<< problem 259 - Reachable Numbers | Binary Circles - problem 265 >> |
Problem 260: Stone Game
(see projecteuler.net/problem=260)
A game is played with three piles of stones and two players.
At her turn, a player removes one or more stones from the piles.
However, if she takes stones from more than one pile, she must remove the same number of stones from each of the selected piles.
In other words, the player chooses some N>0 and removes:
N stones from any single pile; or
N stones from each of any two piles (2N total); or
N stones from each of the three piles (3N total).
The player taking the last stone(s) wins the game.
A winning configuration is one where the first player can force a win.
For example, (0,0,13), (0,11,11) and (5,5,5) are winning configurations because the first player can immediately remove all stones.
A losing configuration is one where the second player can force a win, no matter what the first player does.
For example, (0,1,2) and (1,3,3) are losing configurations: any legal move leaves a winning configuration for the second player.
Consider all losing configurations (x_i,y_i,z_i) where x_i <= y_i <= z_i <= 100.
We can verify that sum{x_i+y_i+z_i} = 173895 for these.
Find sum{x_i+y_i+z_i} where (x_i,y_i,z_i) ranges over the losing configurations with x_i <= y_i <= z_i <= 1000.
My Algorithm
Every position (0,0,s) is won because the current player will take all s stones from the third pile and win immediately.
Every position (0,s,s) is won because the current player will take all s stones from the second and from the third pile and win immediately.
Every position (s,s,s) is won because the current player will take all s stones from all three piles and win immediately.
More specifically, these positions are won because there is a transition from the current state to the final state (0,0,0).
If the player to move has position (x_i,y_i,z_i) then he/she must avoid to take stones in such a way that his/her opponent has a won position.
For example, taking 3 stones from the largest pile of (0,2,5) will yield (0,2,2) and the opponent can will immediately.
A position is lost when all transitions lead to a position where the opponent wins.
A position is won when there is at least one transition leading to a position where the opponent loses.
I only need to consider moves where one pile becomes empty:
- if that is a winning position, then the current player will play that move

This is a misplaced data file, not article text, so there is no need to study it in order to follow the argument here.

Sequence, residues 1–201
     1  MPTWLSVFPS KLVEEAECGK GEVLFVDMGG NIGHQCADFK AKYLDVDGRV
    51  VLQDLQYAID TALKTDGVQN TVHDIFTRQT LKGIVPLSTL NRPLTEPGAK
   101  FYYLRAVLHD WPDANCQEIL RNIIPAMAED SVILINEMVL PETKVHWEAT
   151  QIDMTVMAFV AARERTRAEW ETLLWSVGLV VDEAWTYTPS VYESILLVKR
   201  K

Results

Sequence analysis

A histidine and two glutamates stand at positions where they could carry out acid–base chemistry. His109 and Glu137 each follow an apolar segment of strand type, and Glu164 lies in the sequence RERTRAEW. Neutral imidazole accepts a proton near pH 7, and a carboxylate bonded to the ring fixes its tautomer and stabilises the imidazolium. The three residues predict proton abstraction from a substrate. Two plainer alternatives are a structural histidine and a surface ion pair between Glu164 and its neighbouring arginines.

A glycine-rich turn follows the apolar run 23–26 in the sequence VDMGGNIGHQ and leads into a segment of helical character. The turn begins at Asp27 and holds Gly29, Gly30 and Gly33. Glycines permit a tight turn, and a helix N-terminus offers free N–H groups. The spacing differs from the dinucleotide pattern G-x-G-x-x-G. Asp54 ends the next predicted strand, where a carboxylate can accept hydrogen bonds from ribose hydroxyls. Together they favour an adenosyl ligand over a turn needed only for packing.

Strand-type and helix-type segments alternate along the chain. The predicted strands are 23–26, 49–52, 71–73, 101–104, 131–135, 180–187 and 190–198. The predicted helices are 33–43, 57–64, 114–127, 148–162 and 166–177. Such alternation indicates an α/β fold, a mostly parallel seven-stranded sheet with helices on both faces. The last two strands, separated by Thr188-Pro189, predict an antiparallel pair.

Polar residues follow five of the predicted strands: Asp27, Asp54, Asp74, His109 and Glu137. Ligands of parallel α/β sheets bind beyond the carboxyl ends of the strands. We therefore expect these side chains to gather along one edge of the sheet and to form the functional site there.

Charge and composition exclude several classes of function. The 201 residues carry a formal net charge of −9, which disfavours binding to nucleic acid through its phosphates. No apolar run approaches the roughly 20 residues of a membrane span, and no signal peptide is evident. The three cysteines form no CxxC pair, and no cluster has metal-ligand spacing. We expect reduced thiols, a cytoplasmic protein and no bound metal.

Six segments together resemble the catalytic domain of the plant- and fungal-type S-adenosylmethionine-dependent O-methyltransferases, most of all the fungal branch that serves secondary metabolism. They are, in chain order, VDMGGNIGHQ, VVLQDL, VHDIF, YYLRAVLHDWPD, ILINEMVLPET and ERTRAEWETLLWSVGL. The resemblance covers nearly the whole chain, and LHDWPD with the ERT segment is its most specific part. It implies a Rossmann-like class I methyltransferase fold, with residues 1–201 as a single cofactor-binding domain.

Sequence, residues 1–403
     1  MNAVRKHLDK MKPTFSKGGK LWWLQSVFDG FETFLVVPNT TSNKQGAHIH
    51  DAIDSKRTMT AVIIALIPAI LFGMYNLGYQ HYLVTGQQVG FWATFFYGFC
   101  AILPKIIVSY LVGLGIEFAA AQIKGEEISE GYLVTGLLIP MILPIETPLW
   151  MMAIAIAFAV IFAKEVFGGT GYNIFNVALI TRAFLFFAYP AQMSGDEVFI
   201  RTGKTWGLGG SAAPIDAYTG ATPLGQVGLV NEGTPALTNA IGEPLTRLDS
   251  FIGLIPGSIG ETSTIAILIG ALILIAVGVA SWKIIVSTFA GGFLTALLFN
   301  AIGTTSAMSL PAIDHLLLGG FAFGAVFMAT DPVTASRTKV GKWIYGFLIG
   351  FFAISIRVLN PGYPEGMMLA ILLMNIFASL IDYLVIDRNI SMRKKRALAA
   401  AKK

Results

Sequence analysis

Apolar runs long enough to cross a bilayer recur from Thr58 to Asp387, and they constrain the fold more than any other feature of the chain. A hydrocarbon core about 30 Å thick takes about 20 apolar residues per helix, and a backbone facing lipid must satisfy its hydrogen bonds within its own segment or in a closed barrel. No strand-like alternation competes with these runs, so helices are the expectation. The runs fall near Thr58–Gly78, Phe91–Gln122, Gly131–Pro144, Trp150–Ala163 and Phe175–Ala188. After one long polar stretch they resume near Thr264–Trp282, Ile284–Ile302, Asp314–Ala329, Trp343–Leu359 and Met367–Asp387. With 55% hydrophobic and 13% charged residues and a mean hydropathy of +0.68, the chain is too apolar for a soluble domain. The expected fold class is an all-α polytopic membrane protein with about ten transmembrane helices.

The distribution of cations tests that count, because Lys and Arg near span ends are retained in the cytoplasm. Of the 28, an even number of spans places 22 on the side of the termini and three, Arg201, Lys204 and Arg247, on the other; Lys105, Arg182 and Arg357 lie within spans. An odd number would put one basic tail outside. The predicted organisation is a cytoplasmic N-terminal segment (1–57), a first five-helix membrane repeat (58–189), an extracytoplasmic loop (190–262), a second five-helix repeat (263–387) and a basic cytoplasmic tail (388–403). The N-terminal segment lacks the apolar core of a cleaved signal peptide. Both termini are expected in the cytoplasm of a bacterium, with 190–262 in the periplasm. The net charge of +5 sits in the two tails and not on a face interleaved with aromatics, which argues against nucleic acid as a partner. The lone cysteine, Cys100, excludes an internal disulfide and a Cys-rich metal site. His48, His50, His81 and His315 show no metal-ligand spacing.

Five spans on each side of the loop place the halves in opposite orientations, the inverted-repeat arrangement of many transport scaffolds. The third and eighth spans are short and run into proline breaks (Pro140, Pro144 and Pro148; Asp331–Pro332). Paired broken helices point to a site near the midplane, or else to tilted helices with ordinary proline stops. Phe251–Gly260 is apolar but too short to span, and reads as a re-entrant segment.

- if it turns out to be a losing position, then the opponent will enforce that move by mirroring
Only if all of them lead to a won position (→ the opponent wins), then
count
is incremented by x + y + z
.
Interactive test
You can submit your own input to my program and it will be instantly processed at my server:
This is equivalent toecho 100 | ./260
Output:
Note: the original problem's input 1000
cannot be entered
because just copying results is a soft skill reserved for idiots.
(this interactive test is still under development, computations will be aborted after one second)
My code
… was written in C++11 and can be compiled with G++, Clang++, Visual C++. You can download it, too.
#include <iostream>
#include <vector>
unsigned int maxPileSize = 1000;
// compute linear index from two offsets
unsigned int id(unsigned int a, unsigned int b)
{
return a * (maxPileSize + 1) + b;
}
int main()
{
std::cin >> maxPileSize;
// the current position is only lost if every possible move leads to a position
// where the opponent wins
// that means: no matter how many stones I pick from one, two or three piles,
// the follow-up state must not be lost
const bool Won = false;
const bool Lost = true;
// assume each position is potentially won - unless proven otherwise
std::vector<bool> one((maxPileSize + 1) * (maxPileSize + 1), Won);
std::vector<bool> two((maxPileSize + 1) * (maxPileSize + 1), Won);
std::vector<bool> all((maxPileSize + 1) * (maxPileSize + 1), Won);
// count x+y+z for each lost position
unsigned int count = 0;
for (unsigned int x = 0; x <= maxPileSize; x++)
for (unsigned int y = x; y <= maxPileSize; y++)
{
// copy this condition from the inner loop (and keep there for the sake of completeness, though it's redundant)
if (one[id(x,y)] == Lost)
continue;
for (unsigned int z = y; z <= maxPileSize; z++)
{
// can current player win by clearing one pile ?
// check if (0,y,z) or (x,0,z) or (x,y,0) wins
// take x stones from first pile: check (x-x, y, z ) = (0, y, z)
// take y stones from second pile: check ( x, y-y, z ) = (x, 0, z)
// take z stones from third pile: check ( x, y, z-z) = (x, y, 0)
if (one[id(y,z)] == Lost ||
one[id(x,z)] == Lost ||